Flashcards in ILA 6: Coma and LOC Deck (13)
You are asked to review a 17 year old female at 11:30 hrs in Resus. She has been brought in by the Paramedics who received a 999 call from her mother who found her collapsed in her bedroom.
Your initial assessment shows:
A – Groaning, no stridor
B – Spont breathing, RR = 20/min, chest clear
C – HR = 105 Sinus Tachy, BP = 75/50, capillary refill = 4 seconds
D - Her eyes are not open to pain, she groans and she withdraws her arm when you try and cannulate.
a) What are you concerned about and what practical measures can you take?
b) What is her GCS? Next steps
a) Shock: give IV NaCl
b) Eyes (1), Verbal (2), Motor (4) = 7.
May need airway support.
a) Why dextrose shouldn't be given
b) Crystalloid that could be used
c) Cutoff volume given at which you get worried
a) Body metabolises glucose and then leaves free water that moves out of the plasma and dehydrates patient again
b) NaCl (Na 159, Cl 159) or Hartmann's (Na 131, K )
c) 2 litres
Previous A&E records elicit DSH 6 months ago. Her mother claims that she had an argument with her boyfriend 2 nights ago and came home intoxicated. The next day she looked hungover. She complained of nausea and had vomited on several occasions in the morning. She felt unsteady on her feet and sleepy and had gone to bed at 20:30 hrs. Her mother went into her bedroom this morning at 10:30 hrs because she was concerned that she was not awake.
a) How can you gain additional information about this patient?
a) Paramedic clerking sheet
Collateral history from mother
Previous ED records
b) Metabolic (glucose, DKA, hyponatraemia), toxic (paracetamol,
Metabolic causes of coma
a) Hypo, DKA, HONK
b) Usually hypo. If acute, transfer to ICU for hypertonic (3%) saline. Most common cause in youth: polydipsia
a) most common
b) other common
c) if hyperthermic, consider...?
a) Paracetamol - acute liver injury
b) Opiates, paracetamol
c) Stimulants, serotonergic drugs
Investigations for coma
- Bloods - FBC, VBG, clotting, LFTs, UEs, etc.
- Toxicology - paracetamol, salicylates, drugs, other
- Imaging - CXR, CT head, WBCT?
Causes of hypoglycaemia
- Diabetics - excess insulin/ sulfonylureas, excess exercise or alcohol, fasting
- Endocrine - hypoadrenalism (low cortisol), hypopituitarism (low ACTH), insulinoma
- Liver failure (e.g. paracetamol overdose)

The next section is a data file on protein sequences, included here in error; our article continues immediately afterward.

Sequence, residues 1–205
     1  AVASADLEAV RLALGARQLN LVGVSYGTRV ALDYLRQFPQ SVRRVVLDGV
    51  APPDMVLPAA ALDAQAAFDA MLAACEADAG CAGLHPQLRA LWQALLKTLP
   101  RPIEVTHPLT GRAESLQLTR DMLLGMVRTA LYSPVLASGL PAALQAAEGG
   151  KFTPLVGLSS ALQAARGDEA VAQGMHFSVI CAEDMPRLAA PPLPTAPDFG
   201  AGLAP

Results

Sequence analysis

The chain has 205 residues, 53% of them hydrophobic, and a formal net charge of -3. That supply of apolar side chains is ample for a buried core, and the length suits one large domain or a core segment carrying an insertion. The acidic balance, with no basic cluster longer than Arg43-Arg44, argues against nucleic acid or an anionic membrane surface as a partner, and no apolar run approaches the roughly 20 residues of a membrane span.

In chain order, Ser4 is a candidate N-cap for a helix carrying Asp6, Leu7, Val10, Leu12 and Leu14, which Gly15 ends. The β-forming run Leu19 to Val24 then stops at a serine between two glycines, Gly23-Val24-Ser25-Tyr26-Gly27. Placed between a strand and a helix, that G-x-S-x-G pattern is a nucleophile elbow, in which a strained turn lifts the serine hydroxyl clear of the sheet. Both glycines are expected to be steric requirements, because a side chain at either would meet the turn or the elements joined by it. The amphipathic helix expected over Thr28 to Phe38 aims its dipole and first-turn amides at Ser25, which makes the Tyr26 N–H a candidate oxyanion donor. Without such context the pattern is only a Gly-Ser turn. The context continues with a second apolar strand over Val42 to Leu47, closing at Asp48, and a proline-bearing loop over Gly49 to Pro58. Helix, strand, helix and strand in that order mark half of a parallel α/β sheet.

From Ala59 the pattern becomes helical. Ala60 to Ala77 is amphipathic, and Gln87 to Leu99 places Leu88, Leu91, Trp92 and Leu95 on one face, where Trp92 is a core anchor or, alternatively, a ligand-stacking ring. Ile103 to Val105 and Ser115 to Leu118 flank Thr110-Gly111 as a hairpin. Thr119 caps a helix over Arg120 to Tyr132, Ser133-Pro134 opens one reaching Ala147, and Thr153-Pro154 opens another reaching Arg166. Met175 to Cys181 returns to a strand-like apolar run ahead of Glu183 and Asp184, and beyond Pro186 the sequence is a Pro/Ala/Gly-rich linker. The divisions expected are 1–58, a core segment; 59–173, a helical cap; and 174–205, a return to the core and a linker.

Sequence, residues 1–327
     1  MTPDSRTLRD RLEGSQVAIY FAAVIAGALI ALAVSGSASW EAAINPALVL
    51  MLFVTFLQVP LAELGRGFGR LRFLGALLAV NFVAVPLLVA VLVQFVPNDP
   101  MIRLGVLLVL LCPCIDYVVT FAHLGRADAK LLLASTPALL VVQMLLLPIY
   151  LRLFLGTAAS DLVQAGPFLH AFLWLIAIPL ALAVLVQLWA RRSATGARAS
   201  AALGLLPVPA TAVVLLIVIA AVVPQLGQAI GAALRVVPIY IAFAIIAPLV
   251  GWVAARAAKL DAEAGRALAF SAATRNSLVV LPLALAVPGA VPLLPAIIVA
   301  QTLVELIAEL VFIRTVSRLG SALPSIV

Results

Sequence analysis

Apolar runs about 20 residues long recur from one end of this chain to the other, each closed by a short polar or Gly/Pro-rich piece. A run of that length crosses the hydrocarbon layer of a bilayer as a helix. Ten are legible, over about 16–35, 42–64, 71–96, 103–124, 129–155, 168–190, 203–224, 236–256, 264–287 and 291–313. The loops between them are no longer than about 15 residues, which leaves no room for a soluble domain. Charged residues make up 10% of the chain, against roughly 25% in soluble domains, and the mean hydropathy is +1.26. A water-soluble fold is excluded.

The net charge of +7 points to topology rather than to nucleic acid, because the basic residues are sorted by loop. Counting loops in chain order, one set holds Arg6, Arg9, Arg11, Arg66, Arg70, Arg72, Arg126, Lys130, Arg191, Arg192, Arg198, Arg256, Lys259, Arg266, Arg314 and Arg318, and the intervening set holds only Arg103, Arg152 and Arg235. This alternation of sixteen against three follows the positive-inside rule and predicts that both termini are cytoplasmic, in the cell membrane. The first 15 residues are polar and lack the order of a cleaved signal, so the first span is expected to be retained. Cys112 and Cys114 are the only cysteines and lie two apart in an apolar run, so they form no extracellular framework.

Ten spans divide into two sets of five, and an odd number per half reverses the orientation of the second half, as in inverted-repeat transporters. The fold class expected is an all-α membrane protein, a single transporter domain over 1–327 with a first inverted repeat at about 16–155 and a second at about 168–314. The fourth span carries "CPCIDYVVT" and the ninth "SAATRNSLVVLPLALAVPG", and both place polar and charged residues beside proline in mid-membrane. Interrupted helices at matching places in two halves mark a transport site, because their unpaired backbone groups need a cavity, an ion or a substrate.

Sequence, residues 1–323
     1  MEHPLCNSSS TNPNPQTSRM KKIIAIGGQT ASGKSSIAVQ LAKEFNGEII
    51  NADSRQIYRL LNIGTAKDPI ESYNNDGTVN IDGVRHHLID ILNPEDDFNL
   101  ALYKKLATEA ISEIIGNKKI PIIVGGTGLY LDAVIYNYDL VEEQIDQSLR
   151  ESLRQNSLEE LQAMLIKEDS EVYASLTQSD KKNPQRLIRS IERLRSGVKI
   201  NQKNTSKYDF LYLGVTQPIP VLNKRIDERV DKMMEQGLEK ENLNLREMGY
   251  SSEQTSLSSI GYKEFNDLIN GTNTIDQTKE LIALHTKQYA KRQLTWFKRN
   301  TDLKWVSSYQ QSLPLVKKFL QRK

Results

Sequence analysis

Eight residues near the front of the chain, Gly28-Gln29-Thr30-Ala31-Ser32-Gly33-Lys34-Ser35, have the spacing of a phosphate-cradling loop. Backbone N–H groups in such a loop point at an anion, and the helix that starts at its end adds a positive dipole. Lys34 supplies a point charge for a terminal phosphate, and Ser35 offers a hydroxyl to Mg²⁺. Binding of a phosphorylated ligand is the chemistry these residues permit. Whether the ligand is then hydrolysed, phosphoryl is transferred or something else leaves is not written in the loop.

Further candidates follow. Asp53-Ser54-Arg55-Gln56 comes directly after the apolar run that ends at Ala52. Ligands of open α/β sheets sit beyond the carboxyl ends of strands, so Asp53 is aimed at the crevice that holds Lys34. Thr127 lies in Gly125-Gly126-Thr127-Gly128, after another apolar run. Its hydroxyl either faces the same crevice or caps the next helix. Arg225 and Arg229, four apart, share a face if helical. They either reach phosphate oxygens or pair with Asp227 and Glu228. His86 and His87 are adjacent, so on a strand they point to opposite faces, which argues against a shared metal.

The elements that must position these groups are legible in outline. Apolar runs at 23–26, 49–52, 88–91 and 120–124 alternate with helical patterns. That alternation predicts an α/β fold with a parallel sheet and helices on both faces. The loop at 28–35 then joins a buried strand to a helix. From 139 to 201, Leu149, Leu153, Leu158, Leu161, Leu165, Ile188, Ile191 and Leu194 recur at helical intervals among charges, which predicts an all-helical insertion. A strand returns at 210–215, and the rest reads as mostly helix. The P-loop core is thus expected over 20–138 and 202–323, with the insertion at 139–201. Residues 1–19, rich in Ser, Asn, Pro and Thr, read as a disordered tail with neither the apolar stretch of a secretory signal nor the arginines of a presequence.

Airway and breathing remain unchanged; however, her HR is now 95bpm and BP is 99/65.
She has become more agitated and combative. Eyes open to voice, she localises to pain and she is swearing at the top of her voice.
a) What is her GCS now?
a) Eyes 3, verbal 4, motor 5 (total = 12)
Rapid sequence induction (RSI)
a) Three stages
b) The only 2 muscle relaxants you can use
c) Reason for pre-oxygenation
d) When should you finish pre-oxygenating?
a) Pre-oxygenation, medication (induction, relaxation) and intubation
b) Suxamethonium, rocuronium
c) To replace alveolar nitrogen with 100% oxygen
d) When end-tidal oxygen is 100% (normal = 30%)
Her bloods are as follows:
- FBC: Hb = 13.1, WCC = 26.7, Plt = 30
- Clotting: INR = 7.9, APTT = 51.8, Fib = 1
- UEs: Na = 131, K = 6.0, Urea = 8.8, Cr = 391
- LFTs: ALT= 16813, ALP = 228
- Paracetamol = 20mg/L
- ABG on 15 l/min Oxygen (prior to intubation):
Ph= 7.073, pCO2= 6.54, pO2=10, Base excess = -22.3, Lactate = 10.98
a) How do you interpret these results?
b) What are the likely causes?
c) What organs have failed?
a) Coagulopathy, AKI, acute liver failure, mixed metabolic (lactic) and respiratory acidosis
b) Acute kidney injury causing metabolic acidosis, reduced GCS causing respiratory depression and T2RF
c) Liver, kidneys, lungs, ?CNS (possibly secondary to high ammonia and hepatic encephalopathy)
d) Multi-organ failure secondary to paracetamol overdose
b) To reduce K+
a) Calcium gluconate: 10mls of 10%
b) Insulin/Dex: 10U actrapid insulin in 50mls of 50% glucose
a) How do you initially treat the coagulopathy?
Speak to haematology: Vit K, platelets, FFP, PTC, etc.